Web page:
The Importance Of Breast Cancer Screening

1871 Words 7 Pages
In the United State of America, breast cancer screening starts at early age. According to American cancer society guideline, there is clinical breast exam or self-breast exam available for 20-30 years old americans every three years and once a year for over 40s. Mammogram is recommended every year starting from 40-year olds until they are in good health. The screening process is mainly through health insurance. However, there are also funding aids for low income and uninsured women through National breast and cervical cancer early detection program.
In the UK, national breast cancer screening programme commenced in 1988 ( NHS breast screening programme, 2012) and 50-64 years old british women are invited every three years to check by clinical
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It points out that not all women regularly screen for breast cancer and then the more delayed the diagnosis, the poorer outcome will be. A randomised trial of Kerrison et al., (2015) stated that sending text message reminder has increased the attendance for breast cancer screening compared to normal invitation. Hence, it should be practised in both countries to increase screening uptake.Although breast cancer is the most common female cancer worldwide, there is still lack of awareness of cancer symptom other than breast lump (www.gov.uk, 2014). Hence, it could lead to delayed diagnosis and consequently poor prognosis. In addition, not all british mothers breastfed their children exclusively at six months. Although breastfeeding has mutual benefits for both mothers and babies, especially reducing breast cancer risk, there was only 1% exclusive breastfeeding for six months in 2010 across the UK (www.unicef.org.uk, 2010). In contrast, in the United States, approximately 20% of children were breastfed exclusively in 2011 (www.cdc.gov, 2011). Therefore, breast cancer campaigns in both countries should put more effort to raise awareness of breast cancer to reduce the incidence and …show more content…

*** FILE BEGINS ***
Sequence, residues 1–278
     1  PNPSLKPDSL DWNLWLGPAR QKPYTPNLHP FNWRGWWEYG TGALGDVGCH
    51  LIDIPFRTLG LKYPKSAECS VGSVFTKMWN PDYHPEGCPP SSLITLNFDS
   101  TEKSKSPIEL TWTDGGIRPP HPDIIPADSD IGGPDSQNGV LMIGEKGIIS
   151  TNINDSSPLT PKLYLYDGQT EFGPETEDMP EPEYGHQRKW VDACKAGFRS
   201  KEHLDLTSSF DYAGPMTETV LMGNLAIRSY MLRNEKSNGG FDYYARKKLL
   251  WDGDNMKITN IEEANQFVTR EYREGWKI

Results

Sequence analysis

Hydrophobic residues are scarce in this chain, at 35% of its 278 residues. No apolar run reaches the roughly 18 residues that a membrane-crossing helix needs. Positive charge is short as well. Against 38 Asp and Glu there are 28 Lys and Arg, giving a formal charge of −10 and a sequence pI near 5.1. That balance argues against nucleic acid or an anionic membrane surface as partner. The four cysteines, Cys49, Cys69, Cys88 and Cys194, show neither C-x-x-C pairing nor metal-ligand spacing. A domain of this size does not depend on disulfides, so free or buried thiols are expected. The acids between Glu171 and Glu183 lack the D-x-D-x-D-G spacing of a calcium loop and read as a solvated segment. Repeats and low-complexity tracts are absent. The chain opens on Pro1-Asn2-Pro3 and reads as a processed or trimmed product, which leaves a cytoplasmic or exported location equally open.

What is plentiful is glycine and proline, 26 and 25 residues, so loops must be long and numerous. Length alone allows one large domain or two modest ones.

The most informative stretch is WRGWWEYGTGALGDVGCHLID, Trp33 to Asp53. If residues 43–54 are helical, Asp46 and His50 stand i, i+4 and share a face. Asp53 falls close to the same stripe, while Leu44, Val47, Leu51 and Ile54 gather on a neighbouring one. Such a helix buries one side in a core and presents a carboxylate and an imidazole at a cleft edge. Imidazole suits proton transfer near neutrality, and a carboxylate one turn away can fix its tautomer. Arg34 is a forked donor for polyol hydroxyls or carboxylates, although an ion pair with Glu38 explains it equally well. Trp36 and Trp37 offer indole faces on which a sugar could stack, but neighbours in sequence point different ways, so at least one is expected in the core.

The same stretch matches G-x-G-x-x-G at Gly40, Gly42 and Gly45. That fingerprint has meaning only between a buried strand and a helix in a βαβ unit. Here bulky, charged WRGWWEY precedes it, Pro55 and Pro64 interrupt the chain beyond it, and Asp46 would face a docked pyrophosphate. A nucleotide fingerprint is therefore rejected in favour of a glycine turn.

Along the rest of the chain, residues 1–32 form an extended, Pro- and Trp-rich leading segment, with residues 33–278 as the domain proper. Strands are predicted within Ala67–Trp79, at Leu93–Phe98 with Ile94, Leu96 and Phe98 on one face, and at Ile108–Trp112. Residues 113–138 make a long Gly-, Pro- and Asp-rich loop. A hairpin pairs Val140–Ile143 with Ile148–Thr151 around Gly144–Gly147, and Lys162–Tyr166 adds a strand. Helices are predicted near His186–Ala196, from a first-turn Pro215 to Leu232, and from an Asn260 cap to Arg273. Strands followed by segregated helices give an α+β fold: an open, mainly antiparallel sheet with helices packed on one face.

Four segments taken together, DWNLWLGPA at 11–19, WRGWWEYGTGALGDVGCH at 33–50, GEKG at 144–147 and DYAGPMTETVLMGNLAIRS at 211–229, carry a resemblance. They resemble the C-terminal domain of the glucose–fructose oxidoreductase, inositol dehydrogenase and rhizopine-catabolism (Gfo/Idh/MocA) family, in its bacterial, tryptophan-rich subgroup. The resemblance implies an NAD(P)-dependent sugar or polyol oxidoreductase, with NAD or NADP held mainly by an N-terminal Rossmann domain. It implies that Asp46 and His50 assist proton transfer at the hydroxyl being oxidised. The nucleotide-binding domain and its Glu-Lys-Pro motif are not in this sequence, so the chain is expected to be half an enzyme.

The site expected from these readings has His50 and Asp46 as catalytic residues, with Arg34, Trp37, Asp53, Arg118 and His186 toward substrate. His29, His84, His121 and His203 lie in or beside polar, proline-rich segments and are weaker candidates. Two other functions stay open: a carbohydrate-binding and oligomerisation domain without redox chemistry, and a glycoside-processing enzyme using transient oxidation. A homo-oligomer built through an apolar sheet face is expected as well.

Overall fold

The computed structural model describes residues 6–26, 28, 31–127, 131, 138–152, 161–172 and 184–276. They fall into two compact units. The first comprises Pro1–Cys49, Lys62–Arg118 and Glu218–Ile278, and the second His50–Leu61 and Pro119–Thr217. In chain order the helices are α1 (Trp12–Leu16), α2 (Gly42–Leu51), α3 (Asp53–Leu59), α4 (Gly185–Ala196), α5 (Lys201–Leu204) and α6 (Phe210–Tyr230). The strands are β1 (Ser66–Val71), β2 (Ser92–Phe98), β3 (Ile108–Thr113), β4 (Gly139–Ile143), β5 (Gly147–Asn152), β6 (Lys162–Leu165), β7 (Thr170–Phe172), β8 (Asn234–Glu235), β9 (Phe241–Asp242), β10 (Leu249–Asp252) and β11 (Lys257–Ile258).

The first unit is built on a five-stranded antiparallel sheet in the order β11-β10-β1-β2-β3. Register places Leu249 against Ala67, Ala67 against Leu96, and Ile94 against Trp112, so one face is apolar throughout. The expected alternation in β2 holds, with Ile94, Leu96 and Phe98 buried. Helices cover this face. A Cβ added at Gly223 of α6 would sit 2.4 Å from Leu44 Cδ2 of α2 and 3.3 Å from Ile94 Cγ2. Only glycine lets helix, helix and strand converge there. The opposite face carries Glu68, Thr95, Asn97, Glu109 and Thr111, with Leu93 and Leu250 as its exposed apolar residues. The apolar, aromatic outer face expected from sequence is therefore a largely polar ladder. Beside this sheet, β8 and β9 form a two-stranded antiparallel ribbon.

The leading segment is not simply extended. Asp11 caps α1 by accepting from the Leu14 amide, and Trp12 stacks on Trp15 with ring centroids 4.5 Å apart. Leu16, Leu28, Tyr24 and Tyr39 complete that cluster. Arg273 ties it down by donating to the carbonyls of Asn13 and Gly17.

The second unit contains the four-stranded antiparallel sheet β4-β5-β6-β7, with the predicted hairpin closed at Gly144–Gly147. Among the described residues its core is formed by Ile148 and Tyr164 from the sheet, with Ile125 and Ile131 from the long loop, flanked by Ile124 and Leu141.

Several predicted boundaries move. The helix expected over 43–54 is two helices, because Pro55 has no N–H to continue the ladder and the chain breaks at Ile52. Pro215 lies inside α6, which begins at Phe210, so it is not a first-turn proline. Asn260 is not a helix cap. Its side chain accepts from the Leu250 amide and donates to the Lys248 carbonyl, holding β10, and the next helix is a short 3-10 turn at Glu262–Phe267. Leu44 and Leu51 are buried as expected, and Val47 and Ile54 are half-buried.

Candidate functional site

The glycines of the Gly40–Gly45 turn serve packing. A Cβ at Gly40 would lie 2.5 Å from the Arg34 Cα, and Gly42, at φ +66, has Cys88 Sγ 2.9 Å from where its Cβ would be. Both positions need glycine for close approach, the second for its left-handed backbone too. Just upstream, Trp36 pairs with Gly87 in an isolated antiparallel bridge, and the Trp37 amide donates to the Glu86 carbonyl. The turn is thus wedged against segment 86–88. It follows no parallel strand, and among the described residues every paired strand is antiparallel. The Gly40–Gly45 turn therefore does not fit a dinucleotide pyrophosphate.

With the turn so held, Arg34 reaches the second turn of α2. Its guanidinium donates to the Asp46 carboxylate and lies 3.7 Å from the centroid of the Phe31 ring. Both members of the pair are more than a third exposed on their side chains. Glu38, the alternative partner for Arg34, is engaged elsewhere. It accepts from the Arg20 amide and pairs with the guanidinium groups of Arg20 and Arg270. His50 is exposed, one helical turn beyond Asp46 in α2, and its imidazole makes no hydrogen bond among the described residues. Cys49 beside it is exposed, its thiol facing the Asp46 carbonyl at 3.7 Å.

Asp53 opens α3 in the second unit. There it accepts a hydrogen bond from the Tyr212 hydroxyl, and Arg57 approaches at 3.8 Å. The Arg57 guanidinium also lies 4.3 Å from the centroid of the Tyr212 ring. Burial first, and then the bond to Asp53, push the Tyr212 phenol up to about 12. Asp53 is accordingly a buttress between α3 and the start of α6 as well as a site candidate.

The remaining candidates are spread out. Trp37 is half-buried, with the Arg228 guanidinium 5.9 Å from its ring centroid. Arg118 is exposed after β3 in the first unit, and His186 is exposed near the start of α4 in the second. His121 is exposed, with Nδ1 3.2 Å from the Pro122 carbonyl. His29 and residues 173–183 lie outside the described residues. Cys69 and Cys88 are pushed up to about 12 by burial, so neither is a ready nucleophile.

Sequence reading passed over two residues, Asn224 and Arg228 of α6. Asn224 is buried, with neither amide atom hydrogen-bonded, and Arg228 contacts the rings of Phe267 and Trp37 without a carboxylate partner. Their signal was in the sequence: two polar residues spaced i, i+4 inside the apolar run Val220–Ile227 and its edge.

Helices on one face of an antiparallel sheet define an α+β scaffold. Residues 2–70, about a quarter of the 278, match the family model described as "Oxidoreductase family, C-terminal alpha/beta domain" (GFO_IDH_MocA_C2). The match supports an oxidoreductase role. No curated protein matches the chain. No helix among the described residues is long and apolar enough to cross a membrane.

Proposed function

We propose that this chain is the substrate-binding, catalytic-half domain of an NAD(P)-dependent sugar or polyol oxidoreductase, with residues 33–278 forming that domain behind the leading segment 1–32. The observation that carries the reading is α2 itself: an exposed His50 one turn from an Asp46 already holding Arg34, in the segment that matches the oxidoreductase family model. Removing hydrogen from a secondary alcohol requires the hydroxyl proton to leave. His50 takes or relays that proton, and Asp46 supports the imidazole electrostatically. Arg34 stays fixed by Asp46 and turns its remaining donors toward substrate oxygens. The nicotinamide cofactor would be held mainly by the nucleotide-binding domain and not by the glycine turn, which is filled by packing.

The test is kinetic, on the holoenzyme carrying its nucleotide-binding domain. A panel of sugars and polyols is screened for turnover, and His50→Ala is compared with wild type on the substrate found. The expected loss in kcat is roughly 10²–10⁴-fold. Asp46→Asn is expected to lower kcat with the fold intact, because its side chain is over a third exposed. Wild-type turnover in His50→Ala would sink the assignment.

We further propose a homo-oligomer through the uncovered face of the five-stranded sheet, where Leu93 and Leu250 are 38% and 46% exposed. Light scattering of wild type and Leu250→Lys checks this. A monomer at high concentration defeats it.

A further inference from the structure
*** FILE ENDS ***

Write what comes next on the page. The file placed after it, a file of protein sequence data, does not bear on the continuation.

There are many conflict about the funding of cancer drugs. Some of breast cancer drugs such as Tykerb (Lapatinib) are at risk of being cut by the funding and it is claimed that the UK spends less funding on cancer drugs compared to the US and unnecessary funding on non life saving services ( Borland and Hope, 2015). Consequently, British people have less access to effective treatments which are widely available in other countries. However, cancer drug funding of NHS is projected to 340 million from April 2015 ( NHS England, 2015) that the changes will have more benefits for the treatment of cancer and it is hoped that it will cover the conflict of minimum spending on drugs. However, there is still some charges for the cancer drugs which are not in the funding list.
In the US, cancer patients have to encounter healthcare expenses strains such as hospital stays, doctors visits, investigation charges, surgery and other treatment costs because not all expenses are covered by their insurance. The co-pay is so high that there are many patients who refuse to continue cancer treatment in the US ( www.cancer.org , 2014). Consequently, it may lead to unnecessary deaths because of the money

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